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LOW TEST SCORES PROMPT OK OF MATH PROGRAM

A series of disappointing test scores, along with new requirements from the state Education Department, prompted the Depew School Board on Thursday to approve a new math program.

The board's unanimous vote for the Scott-Foresman math series for grades kindergarten through 6 came after administrators made a detailed presentation highlighting test scores throughout the district.

"New York State has established key areas for improvement in mathematics," said James Austin, the district's math department chairman. Austin said the state also requires four assessments at different grade levels: elementary, intermediate, Math A and Math B.

While Math B is intended for students who opt for an Advanced Regents diploma, all high school students must pass the Math A requirement to graduate.

"Math is math," Austin said in describing the state's new requirements. "The approach is different, but the content isn't different."

George Morse, the district's principal of curriculum, presented the board some disheartening numbers that have shown only very modest improvement.

In 1999, test scores in math for Depew fourth-graders ranked 26th out of 28 Erie County school districts, improving to 23rd in 2000. The results for eighth-graders were not much better: 1999 test scores ranked Depew 21st, though scores for 2000 raised the district ranking to 19th.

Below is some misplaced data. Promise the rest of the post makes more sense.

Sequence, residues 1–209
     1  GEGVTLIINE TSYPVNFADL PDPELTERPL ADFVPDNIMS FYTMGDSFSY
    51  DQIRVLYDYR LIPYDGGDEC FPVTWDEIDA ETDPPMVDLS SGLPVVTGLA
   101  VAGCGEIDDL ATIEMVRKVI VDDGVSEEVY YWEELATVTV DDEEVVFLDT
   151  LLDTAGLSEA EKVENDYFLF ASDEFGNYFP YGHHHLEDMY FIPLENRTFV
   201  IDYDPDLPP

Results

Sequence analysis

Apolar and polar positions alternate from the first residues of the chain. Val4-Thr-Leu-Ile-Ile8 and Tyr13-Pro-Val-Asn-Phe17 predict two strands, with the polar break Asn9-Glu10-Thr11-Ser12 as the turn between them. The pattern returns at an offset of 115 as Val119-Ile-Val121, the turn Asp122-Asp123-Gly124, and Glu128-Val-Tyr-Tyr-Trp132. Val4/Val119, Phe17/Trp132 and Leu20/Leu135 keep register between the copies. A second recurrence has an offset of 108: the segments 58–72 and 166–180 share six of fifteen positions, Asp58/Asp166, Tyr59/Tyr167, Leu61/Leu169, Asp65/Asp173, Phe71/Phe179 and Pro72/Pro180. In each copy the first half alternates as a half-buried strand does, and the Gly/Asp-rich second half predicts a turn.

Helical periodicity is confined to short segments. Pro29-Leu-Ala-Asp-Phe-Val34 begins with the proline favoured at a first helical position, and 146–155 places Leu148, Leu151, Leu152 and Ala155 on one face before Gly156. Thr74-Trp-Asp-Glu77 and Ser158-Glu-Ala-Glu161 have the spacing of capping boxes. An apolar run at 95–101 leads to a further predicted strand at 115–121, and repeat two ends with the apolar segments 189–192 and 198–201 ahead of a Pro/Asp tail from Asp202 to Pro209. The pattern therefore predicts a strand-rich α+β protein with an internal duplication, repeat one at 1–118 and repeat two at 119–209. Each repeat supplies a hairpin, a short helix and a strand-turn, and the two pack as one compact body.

Of greater concern, however, were the first-year results for high school students. A total of 93 freshmen, or 43 percent, failed Course 100, the first-year class leading to the required Math A.

"Our results this June were bad," Morse acknowledged. "We're struggling."

While citing several reasons for the low scores, Morse said late-arriving test results from the middle school were a large part of the problem.

"It's on the basis of the eighth-grade scores that we're supposed to identify students who need academic intervention," Morse said. "It's very hard in November to change a high school kid's schedule."

Morse and other district officials said they are confident that the new Scott-Foresman math curriculum will raise test scores, pointing out the success other school systems have had with the program.

The School Board agreed, and, after examining several new textbooks, approved the program in a unanimous vote.

The board also voted to approve the districtwide Safety Plan and Code of Conduct that was first discussed at the board's June 8 meeting, and it tabled the proposed teacher mentoring program for further talks.

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